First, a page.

|Title||[Richmond Wagon Works]|
|Object Name||Print, Photographic|
|Studio or Publisher||Empire Photo View Co.|
|Collection||Staten Island Geographic Collection|
Original B&W print on beige cardboard mount. Diagonal front and side view of a large 3-story brick building with a large open door and two signs: "CARRIAGE & WAGON PAINTING." and "JOHN F. SCHWIEBERT. / RICHMOND WAGON WORKS." Six men stand in front of the building; all wear overalls, and three wear hats. At left is a 2-story clapboard building. At right is a low brick or stone wall topped with a wooden fence; a frame structure that appears to be partly covered in vines stands behind the fence; there is a utility pole in front of the fence. Stamped inscription on reverse of mount: "EMPIRE PHOTO VIEW CO., / 757 THIRD AVE., COR. 47TH ST., / NEW YORK."
(Keywords: HRT, New York City, Early Twentieth Century)
|Print size||6.125 x 7.625|
|Ownership and History||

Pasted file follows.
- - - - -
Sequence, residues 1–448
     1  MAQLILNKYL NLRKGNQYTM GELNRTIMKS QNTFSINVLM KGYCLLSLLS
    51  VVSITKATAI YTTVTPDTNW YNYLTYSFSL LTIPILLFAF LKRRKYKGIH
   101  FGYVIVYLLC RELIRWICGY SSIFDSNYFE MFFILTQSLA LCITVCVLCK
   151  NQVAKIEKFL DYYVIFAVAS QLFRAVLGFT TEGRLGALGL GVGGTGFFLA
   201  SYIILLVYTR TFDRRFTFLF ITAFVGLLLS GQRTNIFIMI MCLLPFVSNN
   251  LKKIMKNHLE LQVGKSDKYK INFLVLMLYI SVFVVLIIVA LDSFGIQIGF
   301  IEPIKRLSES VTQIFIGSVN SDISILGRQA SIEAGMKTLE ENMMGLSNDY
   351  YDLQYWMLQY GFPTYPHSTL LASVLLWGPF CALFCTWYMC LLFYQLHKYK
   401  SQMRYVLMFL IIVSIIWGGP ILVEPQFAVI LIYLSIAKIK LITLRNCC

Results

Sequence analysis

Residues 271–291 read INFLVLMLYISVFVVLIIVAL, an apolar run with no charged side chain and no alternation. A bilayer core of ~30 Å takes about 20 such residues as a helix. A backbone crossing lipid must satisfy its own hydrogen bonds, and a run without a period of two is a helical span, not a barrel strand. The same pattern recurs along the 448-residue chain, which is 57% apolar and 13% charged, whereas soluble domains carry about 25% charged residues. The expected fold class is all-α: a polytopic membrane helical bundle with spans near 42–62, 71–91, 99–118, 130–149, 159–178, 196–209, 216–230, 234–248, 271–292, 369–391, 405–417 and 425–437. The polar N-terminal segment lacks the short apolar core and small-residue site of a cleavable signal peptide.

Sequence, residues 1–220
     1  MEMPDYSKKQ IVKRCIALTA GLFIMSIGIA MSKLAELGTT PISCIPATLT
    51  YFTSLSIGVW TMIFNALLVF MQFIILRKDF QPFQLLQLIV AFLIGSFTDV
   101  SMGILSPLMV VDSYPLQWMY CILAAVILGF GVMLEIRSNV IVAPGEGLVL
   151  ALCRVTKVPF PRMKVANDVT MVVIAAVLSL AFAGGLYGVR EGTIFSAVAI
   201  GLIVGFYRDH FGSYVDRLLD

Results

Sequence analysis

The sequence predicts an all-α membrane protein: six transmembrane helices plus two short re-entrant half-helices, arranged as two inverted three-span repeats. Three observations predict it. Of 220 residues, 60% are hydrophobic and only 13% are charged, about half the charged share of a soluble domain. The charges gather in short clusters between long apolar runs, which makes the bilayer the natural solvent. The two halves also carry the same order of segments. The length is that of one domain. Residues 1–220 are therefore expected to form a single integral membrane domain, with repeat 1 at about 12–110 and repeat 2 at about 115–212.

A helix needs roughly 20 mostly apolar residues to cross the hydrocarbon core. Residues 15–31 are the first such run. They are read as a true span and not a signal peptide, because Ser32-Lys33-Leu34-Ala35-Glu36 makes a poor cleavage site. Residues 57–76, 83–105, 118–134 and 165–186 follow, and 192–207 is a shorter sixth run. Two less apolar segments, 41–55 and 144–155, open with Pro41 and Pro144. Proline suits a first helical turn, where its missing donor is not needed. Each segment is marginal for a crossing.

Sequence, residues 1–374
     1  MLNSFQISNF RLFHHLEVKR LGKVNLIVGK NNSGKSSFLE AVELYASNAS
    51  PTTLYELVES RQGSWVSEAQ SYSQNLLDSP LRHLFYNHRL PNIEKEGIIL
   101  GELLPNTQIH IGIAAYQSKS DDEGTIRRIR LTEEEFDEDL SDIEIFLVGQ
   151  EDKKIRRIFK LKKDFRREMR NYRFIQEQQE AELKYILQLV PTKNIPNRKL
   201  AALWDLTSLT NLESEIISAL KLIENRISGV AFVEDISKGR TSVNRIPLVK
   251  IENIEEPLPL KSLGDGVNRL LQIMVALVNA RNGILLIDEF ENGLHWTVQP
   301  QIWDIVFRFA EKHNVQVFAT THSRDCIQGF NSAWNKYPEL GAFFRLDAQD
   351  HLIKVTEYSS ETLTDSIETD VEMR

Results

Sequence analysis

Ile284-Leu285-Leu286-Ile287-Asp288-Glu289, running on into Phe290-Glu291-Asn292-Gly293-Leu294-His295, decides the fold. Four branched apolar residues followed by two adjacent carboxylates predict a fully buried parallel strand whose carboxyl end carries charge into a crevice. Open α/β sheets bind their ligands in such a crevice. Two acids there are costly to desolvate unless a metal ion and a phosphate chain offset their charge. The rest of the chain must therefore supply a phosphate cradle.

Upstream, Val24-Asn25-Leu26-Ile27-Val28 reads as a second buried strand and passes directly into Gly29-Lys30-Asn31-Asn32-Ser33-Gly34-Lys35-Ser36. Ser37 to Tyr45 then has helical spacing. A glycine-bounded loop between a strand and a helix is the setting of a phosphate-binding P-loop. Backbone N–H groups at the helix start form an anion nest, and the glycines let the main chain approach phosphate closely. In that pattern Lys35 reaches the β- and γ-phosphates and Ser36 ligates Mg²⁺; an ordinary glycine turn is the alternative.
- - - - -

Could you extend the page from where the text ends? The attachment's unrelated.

This carriage and wagon manufactory was built around 1858 by Isaac Marsh. The building stood on Richmond Road between Arthur Kill Road and St. Patrick's Place in Richmond, Staten Island. The ground floor held a blacksmith and a wood shop; the repository (showroom) was on the second floor, and painting was done on the top floor. Since the building was situated on a slope, both the first and second stories had street-level access.
After Marsh died in 1896, the business was taken over by John F. Schwiebert, a factory foreman. By the early 1900s Schwiebert advertised that he provided both carriage and auto repair, and by 1917 they were manufacturing truck chassis. The firm was out of business by 1940, and the brick factory building was condemned and demolished in 1945.
Carriages & coaches
|Lexicon Sub-category||Documentary Artifact|
Schwiebert, John F., Sr.
Schwiebert, John F., Jr.
|Support Acknowledgment||Online Collections Database record made possible by the Staten Island Historical Society, April 2016.|
|Legal Status||Items represented here are from the collections of the Staten Island Historical Society. Materials reproduced for personal non-commercial use must credit the Staten Island Historical Society. Commercial licensing is available.|